WASHINGTON (Reuters) – A Congressionally mandated commission announced on Tuesday its recommendations for changes to the names of nine U.S. Army bases that currently honor the Confederacy and Confederate leaders.
The recommended changes, if implemented, would name bases in honor of Black, Hispanic and female American heroes, including Mary Edwards Walker, the only woman to win the Medal of Honor for her service as a surgeon during the Civil War. They are:
* Fort Benning, Georgia – rename Fort Moore after Lieutenant General Hal and Julia Moore.
* Fort Bragg, North Carolina – rename Fort Liberty after the value of liberty.
* Fort Gordon, Georgia – rename Fort Eisenhower after General of the Army Dwight Eisenhower.
* Fort A.P. Hill, Virginia – rename Fort Walker after Dr. Mary Walker
* Fort Hood, Texas – rename Fort Cavazos after General Richard Cavazos
* Fort Lee, Virginia – rename Fort Gregg-Adams after Lieutenant General Arthur Gregg and Lieutenant Colonel Charity Adams
* Fort Pickett, Virginia – rename Fort Barfoot after Technical Sergeant Van T. Barfoot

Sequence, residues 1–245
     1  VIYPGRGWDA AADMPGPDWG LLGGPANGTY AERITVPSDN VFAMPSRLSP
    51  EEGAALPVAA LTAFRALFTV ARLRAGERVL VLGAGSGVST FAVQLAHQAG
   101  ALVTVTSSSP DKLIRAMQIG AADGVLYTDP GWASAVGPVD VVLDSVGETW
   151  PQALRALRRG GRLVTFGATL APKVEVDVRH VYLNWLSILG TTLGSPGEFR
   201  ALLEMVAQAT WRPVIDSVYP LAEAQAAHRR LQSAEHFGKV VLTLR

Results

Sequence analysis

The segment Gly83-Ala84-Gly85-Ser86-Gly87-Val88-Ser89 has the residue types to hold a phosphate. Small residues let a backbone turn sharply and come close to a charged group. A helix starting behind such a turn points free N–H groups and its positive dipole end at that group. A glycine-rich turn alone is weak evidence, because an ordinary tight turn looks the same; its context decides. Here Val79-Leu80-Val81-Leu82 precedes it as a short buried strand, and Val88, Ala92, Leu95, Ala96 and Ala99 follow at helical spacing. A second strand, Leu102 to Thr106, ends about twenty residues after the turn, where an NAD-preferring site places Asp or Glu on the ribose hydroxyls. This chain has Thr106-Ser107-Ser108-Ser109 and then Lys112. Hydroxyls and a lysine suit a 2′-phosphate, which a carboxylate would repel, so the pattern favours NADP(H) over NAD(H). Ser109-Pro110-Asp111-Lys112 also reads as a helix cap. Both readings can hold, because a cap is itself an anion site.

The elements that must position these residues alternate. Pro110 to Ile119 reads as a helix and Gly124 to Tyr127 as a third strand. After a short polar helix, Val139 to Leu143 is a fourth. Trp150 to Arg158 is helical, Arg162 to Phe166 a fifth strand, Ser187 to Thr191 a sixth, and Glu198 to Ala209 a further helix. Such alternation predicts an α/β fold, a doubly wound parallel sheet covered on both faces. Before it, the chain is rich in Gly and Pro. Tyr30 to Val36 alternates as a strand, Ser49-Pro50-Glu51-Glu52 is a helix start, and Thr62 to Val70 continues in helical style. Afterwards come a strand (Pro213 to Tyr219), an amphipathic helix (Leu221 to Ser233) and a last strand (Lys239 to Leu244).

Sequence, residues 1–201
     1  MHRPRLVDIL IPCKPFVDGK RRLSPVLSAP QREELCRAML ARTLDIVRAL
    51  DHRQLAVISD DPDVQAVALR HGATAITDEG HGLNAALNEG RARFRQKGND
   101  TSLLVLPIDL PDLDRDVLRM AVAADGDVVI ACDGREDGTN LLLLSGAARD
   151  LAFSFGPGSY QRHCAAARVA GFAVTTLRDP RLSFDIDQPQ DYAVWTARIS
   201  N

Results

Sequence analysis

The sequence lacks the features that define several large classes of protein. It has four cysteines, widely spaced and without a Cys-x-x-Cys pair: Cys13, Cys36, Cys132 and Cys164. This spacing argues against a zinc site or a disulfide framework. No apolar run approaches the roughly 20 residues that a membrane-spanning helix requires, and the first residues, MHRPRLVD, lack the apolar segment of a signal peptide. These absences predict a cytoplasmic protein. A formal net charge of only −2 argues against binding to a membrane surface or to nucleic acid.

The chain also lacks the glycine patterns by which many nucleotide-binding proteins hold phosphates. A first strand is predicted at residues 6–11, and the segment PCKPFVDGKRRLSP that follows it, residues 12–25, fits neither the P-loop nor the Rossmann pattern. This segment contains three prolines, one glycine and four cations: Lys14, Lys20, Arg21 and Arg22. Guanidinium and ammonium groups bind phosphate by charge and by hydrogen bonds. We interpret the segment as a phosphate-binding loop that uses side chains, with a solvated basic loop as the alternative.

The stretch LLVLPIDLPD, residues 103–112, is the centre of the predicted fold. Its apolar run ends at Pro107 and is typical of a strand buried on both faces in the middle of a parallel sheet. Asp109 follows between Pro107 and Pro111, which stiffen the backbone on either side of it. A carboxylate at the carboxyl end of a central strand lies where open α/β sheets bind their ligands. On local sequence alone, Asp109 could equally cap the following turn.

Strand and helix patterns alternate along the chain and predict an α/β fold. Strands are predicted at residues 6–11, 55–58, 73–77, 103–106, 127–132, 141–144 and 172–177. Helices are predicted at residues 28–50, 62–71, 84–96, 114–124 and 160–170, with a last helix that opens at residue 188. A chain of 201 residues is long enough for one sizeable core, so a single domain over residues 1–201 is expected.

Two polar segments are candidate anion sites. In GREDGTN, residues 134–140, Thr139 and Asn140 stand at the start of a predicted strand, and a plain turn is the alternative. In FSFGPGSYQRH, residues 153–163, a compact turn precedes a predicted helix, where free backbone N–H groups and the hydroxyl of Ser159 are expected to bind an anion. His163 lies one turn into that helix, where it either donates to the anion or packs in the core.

* Fort Polk, Louisiana – rename Fort Johnson after Sergeant William Henry Johnson
* Fort Rucker, Alabama – rename Fort Novosel after Chief Warrant Officer 4 Michael J. Novosel, Sr.
The commission, which has no power to change the names on its own, said it will complete a written report for Congress by Oct. 1. Under previous legislation passed by Congress, the Pentagon will be required to implement changes by 2024, it said.
The United States has been re-examining its history and removing segregationist symbols across the country following the May 25, 2020, murder of George Floyd, a Black man killed by a white police officer in Minneapolis.
That re-examination has extended to the U.S. military, which quickly issued a de facto ban on displaying the Confederate flag at U.S. military installations. Congress then passed legislation requiring changes to base names, despite fierce opposition from then-President Donald Trump.
Confederate flags and base names can be offensive to many Americans, who see them as reminders of the enslavement of Black Americans and a symbol of white supremacy.
(Reporting by Phil Stewart; Editing by Leslie Adler)